It’s easy for the tourists thrilled by the beauty of the Pacific Islands to miss the flourishing squatter settlements just away from their resorts and buzzing nightlife. Many of the friendly islanders, upon whom the region has built its reputation, are struggling to get by. And Australian aid projects simply aren’t helping them.
Australian aid is a multimillion-dollar enterprise, providing business and non-government organisations contracts for country and regional projects and programs.
The government’s response to the Independent Review of Aid Effectiveness is expected later this month.
The size of the aid program
The Australian aid program is a multimillion-dollar enterprise, providing business and non-government organisations contracts for country and regional projects and programs. The review looked at just how our tax dollars are being spent.
The program has doubled in size over the past five years to $4,836 million in the current 2011-12 budget. The Pacific region will receive $1,160 million (24 percent of the total 2011-2012 aid budget), of which $482 million will be allocated to Papua New Guinea.
On current economic projections, the aid program will double to meet the Government’s commitment to increase Australia’s aid to 0.5 per cent of gross national income by 2015-16.
A growing urban problem
With the average rate of urbanisation in the order of 50 percent of populations living in Pacific towns and cities and steadily rising, escalating squatter and informal settlements, combined with rising urban poverty levels, loom as the major Pacific development challenges of the new millennium.
What receives little recognition is that squatter and informal settlements are not only a permanent feature of all Pacific towns and cities, but they are increasing at unprecedented levels.
They are most prevalent in the countries which form the geographic sub-region known as Melanesia, which takes in the island countries directly to the north and east of Australia’s eastern seaboard.
In Port Moresby, for example, some 50 percent of the estimated city population of 700,000 people lives in squatter and informal settlements.
In the Solomon Islands, some 35 percent of Honiara’s population lives in such settlements on the city’s edge.
Similar trends exist in Port Vila in Vanuatu, while in the greater Suva Nausori metropolitan area in Fiji, estimates of the number of urban squatters range from 15 to 40 percent of the greater Suva population.
These squatter and informal settlements are here to stay. They are not transitory populations, or temporary built forms which are going to disappear.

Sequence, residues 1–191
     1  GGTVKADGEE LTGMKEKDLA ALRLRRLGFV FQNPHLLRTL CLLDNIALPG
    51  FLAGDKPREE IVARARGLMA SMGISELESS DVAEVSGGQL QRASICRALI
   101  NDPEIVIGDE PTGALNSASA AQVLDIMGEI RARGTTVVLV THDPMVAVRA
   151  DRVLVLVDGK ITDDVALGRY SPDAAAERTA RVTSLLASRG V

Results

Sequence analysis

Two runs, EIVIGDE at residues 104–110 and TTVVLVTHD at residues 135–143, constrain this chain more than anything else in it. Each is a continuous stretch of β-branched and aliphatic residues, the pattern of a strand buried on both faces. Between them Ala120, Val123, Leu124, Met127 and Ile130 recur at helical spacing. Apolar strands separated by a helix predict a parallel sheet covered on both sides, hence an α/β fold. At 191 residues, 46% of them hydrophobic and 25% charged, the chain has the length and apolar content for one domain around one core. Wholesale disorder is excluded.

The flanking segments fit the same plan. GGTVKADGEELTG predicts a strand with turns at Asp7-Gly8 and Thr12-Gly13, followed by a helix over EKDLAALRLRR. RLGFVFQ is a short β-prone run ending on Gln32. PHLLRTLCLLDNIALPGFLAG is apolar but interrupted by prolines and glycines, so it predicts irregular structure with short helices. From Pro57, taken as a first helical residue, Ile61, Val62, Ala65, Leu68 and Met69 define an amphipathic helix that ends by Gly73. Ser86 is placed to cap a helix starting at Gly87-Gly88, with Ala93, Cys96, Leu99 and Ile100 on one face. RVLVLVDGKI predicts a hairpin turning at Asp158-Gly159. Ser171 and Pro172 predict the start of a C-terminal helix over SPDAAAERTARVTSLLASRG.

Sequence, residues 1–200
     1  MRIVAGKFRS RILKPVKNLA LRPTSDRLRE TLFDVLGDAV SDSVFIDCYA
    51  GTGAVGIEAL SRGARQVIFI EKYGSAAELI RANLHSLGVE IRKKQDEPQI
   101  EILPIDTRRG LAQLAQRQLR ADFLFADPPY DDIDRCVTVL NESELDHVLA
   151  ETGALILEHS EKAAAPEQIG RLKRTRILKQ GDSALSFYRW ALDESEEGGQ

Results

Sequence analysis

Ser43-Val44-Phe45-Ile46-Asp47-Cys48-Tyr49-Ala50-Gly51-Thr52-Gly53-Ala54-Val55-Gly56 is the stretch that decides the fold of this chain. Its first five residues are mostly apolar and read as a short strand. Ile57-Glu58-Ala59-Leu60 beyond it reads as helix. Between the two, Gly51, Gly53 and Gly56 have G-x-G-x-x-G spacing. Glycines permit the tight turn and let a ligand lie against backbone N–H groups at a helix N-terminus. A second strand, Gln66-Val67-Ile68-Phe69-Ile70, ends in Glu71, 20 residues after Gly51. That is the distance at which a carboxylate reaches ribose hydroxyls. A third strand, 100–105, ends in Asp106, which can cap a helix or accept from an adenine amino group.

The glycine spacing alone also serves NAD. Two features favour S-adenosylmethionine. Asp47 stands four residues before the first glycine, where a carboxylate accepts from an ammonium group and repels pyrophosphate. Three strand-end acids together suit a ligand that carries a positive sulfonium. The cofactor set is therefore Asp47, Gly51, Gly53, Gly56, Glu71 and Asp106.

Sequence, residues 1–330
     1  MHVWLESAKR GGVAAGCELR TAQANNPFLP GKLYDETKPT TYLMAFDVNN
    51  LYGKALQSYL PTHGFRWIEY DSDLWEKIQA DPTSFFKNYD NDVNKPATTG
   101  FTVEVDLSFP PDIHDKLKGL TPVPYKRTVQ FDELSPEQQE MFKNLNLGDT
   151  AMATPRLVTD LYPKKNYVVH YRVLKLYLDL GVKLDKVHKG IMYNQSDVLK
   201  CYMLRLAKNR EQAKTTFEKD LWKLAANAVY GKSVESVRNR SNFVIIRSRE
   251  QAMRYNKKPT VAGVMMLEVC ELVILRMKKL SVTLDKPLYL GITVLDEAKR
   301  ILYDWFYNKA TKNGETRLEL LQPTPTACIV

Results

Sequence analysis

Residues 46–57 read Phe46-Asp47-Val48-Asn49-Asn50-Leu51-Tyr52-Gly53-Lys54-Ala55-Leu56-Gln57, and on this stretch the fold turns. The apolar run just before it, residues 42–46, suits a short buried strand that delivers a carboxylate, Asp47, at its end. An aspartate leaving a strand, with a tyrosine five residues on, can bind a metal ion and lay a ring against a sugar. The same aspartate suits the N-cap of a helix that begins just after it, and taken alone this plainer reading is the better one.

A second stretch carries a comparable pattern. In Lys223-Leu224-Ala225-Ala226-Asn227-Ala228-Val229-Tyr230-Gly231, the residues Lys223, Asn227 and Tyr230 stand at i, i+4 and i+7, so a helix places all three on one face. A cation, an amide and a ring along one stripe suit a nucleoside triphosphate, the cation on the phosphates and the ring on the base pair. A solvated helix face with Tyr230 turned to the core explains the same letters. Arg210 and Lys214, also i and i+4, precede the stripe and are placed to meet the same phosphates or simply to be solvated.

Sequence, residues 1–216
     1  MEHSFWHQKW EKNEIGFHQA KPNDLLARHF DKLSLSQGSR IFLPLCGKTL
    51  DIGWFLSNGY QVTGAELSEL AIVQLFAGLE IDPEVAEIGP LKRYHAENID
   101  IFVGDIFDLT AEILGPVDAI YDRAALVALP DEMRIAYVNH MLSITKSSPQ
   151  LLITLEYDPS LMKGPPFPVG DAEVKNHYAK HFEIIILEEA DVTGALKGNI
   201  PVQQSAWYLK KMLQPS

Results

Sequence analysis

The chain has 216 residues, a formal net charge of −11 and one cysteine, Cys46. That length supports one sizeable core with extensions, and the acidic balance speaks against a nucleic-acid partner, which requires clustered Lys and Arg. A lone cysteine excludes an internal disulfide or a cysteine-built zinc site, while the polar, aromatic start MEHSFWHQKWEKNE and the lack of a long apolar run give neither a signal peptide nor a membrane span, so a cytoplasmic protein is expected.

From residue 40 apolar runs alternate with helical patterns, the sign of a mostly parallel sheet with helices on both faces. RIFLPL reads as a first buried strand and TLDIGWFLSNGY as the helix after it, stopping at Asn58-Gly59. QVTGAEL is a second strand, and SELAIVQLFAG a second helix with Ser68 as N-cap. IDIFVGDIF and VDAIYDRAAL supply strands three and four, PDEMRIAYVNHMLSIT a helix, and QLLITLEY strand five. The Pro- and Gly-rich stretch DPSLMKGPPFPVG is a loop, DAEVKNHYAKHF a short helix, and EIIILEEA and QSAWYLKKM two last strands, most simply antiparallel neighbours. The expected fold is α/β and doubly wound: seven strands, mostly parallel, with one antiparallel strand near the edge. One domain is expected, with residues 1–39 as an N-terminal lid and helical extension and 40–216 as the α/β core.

Set against a background of mediocre economic development and management at the Pacific country level, these settlements will take over as the dominant form of housing and land development in the Pacific urban landscape in the next 10 to 15 years.
Aid not helping
Sadly, the urban sector in the Pacific region does not figure in the Australian Government’s development agenda.
Urban based programs and projects have been marginalised in the programs of AusAID and its predecessors for the last fifteen years.
Lead regional organisations, such as the Fiji-based Pacific Islands Forum Secretariat, of which Australia is a primary funder, exhibit the same trend.
Targeting a cross sectoral “urban” theme does not fit with AusAID’s designated priority thematic areas of support such as economic growth, education, health, human rights, rural development, mine action, disabilities and food security.
UN goal ignored
The Millennium Development Goal target 7D, namely, improving the lives of 100 million slum dwellers.
Pacific region progress reports ignore this target primarily because there has been no progress. It’s simply seen as “too hard” to address.
There is no reference to urban based programs or plans to deal with squatters or informal settlements in the Pacific region in the Australian 2011-2012 budget for international development assistance.
Despite the emphasis on health, education and economic development, Australia’s development assistance in the Pacific Region remains anchored in rural development activities.
The social, economic and environmental conditions of the urban sector and opportunities for assistance in the context of Pacific island national development, are still not recognised.
Why the government needs to act
Some of the submissions to the Independent Review of Aid Effectiveness argued the importance of the condition of Pacific towns and cities as an indicator of national development, asking why rural poverty is seen as more important than urban poverty in Australia’s aid program.
It’s a valid question: in 2010, the United Nations Development Program in Fiji estimated that eight out of twelve Pacific island counties had greater urban poverty levels than rural poverty.
While there are many reasons for Australia’s current position, the stance by AusAID aligns with a wider Australian and global trends for governments to disengage and step back from involvement in land and housing markets in urban areas.
We can only hope that there will be some good news in the government’s response to the report to ease the plight of the Pacific urban poor.